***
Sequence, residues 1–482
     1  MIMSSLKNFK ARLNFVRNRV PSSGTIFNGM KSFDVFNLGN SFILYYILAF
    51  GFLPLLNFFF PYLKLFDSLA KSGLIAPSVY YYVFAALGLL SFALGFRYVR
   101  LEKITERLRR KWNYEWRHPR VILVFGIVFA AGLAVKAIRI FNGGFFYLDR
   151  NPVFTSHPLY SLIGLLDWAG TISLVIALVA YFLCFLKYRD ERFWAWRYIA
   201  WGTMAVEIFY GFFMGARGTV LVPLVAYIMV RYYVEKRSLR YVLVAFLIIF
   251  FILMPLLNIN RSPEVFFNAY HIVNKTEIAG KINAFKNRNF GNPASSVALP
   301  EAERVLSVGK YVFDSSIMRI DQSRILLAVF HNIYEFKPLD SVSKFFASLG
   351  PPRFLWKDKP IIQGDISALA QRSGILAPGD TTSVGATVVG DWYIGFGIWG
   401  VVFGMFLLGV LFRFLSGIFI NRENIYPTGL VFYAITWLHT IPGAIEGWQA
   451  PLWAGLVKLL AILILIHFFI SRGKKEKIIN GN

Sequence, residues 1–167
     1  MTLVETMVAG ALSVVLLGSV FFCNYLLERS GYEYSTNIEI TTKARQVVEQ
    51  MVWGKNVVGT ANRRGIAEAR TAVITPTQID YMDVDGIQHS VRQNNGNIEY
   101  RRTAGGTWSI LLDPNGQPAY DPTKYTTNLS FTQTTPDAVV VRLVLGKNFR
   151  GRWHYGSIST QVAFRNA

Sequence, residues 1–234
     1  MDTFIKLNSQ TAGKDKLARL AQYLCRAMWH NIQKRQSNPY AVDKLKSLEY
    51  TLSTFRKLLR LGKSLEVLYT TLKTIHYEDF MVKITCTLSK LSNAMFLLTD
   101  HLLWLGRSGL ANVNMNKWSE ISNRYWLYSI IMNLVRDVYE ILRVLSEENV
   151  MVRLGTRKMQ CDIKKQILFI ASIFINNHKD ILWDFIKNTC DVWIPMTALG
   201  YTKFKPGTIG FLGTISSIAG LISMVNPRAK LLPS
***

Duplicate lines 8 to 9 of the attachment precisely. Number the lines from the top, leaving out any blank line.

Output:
   301  EAERVLSVGK YVFDSSIMRI DQSRILLAVF HNIYEFKPLD SVSKFFASLG
   351  PPRFLWKDKP IIQGDISALA QRSGILAPGD TTSVGATVVG DWYIGFGIWG